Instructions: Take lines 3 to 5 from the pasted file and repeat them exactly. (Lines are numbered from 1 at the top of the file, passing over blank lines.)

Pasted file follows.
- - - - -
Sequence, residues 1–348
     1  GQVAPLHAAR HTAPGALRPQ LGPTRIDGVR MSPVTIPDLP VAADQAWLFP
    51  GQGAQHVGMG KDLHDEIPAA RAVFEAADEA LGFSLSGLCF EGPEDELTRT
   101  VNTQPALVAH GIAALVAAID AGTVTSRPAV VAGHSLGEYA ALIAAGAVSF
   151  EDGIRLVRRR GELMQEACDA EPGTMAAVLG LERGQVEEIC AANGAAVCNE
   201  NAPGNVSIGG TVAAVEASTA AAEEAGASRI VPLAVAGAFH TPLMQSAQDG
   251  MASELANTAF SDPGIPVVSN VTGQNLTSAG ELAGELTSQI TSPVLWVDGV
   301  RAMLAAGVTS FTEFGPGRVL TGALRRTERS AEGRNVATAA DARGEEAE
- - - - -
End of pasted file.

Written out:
    51  GQGAQHVGMG KDLHDEIPAA RAVFEAADEA LGFSLSGLCF EGPEDELTRT
   101  VNTQPALVAH GIAALVAAID AGTVTSRPAV VAGHSLGEYA ALIAAGAVSF
   151  EDGIRLVRRR GELMQEACDA EPGTMAAVLG LERGQVEEIC AANGAAVCNE